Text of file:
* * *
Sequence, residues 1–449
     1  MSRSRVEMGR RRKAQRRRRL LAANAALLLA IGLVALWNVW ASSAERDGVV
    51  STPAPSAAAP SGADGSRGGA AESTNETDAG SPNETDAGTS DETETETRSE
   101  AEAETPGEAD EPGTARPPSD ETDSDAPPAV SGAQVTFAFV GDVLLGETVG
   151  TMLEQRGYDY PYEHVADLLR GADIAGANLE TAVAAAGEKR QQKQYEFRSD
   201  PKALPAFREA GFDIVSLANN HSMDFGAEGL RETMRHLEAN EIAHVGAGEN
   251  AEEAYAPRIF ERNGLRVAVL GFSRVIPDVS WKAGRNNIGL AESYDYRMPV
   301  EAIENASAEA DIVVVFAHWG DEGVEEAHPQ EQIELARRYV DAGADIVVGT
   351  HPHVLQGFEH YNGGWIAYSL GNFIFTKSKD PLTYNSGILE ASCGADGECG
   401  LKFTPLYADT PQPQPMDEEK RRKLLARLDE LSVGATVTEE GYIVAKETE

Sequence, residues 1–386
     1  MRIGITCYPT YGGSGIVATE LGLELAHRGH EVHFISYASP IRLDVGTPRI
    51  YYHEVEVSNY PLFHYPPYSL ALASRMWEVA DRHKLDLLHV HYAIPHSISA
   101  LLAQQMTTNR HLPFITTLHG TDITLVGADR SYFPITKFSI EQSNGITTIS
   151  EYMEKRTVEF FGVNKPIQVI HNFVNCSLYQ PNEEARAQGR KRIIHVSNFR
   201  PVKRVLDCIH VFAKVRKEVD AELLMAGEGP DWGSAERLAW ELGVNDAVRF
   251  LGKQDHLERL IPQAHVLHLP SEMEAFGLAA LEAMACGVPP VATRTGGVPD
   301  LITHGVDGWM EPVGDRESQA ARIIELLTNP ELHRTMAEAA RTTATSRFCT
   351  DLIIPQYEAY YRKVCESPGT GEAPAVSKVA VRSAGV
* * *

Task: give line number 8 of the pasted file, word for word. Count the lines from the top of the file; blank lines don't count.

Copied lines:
   301  EAIENASAEA DIVVVFAHWG DEGVEEAHPQ EQIELARRYV DAGADIVVGT